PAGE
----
G8 and G20: What’s the Dominant ‘G’?

Andrew F. Cooper
Associate Director and Distinguished Fellow, CIGI

The task of labelling the G8 is starting in earnest. What the host country would like to term the event is as the summit of principles. Leaving aside the situational difficulty of a scandal-ridden Italian government, led by Prime Minister Silvio Berlusconi, playing up the role of ethics in public life, there are deeper structural reasons why this branding effort may fall flat.

At the declaratory level all of the state officials are being careful to say that the G8 and the G20 are not in competition. Yet at the same time it is clear that the G20 has become the core forum for dealing with the financial crisis. The G8 is not where the action on the instrumental agenda. Rather it is a way station to the bigger event in the form of the G20. Indeed the announcement by the Obama administration that the G20 will be held in Pittsburgh on 25 September has reduced the authority and influence of the L’Aquila summit.

To grab back its role as a summit that matters, the G8 must focus on some fundamental questions. Given the ascendancy of the G20 it must make a decision whether or not its rationale for existence stems from its performance as a caucus for northern developed democratic countries. Russia’s presence complicates this task. But it is only as a caucus that the G8’s continued existence in current unreformed form makes sense. It cannot be assumed that other countries will listen to the G8’s pronouncements on issues such as Iran, North Korea, and climate change to name just a few. But the G8 – or perhaps more accurately the G7 – will at least get some symbolic benefits if it can speak in like minded fashion on such topics.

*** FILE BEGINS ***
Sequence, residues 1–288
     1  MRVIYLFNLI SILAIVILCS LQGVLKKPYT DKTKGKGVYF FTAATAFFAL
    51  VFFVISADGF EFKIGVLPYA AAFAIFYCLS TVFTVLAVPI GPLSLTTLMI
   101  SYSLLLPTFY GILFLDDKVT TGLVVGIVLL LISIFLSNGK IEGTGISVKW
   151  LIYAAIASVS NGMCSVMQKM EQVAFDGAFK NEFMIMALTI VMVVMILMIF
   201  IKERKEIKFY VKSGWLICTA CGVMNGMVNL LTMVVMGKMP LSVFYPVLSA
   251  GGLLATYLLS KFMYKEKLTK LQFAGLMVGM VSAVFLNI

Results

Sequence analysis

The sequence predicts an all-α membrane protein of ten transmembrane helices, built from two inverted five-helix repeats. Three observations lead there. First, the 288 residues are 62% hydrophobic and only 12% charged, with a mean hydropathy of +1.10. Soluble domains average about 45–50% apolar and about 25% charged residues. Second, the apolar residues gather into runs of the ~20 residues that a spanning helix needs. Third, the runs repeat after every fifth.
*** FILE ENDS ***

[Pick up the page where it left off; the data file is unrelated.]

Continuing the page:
The other option is for the G8 to compete more openly for the status as the hub of global governance beyond the immediate financial crisis. As I have noted elsewhere this approach allows some of the G8’s strengths (and the G20’s weaknesses) to come to the fore. The agenda of the G20 is very technical, not the forté of all leaders. The G20 is also quite diffuse in membership, especially with the insertion of a couple of extra European countries.

The G8 therefore could potentially grab some of its hub role back. To do so, however, it needs to position itself as the pivotal site for a new condominium between the G8/7 and the core big emerging powers. This latter group has taken on its own collective identity through the work of the Heiligendamm Process in which the major north and southern powers have engaged in a structured dialogue on specific topics such as development, R&D and investment.

What is most salient about the 2009 G8 is that it may well be the last time that the G8 has this choice. The caucus notion will be reinforced not just by design but by default if the big emerging powers found their own alternative caucuses most notably the BRICs. The linking option might still remain open but it is likely that the choice will close/expire, unless approaches such as the HP are given fuller attention as a device to help the process of convergence not divergence blossom in a time of summit transition.

Disclaimer: This blog is solely intended to spur discussion, while the opinions expressed are those of the author(s) and do not necessarily reflect the views of CIGI, Chatham House or their respective Boards of Directors.
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One Response to G8 and G20: What’s the Dominant ‘G’?

  1. toan hoc says:

    It ‘s a perfect writing. Thank you.

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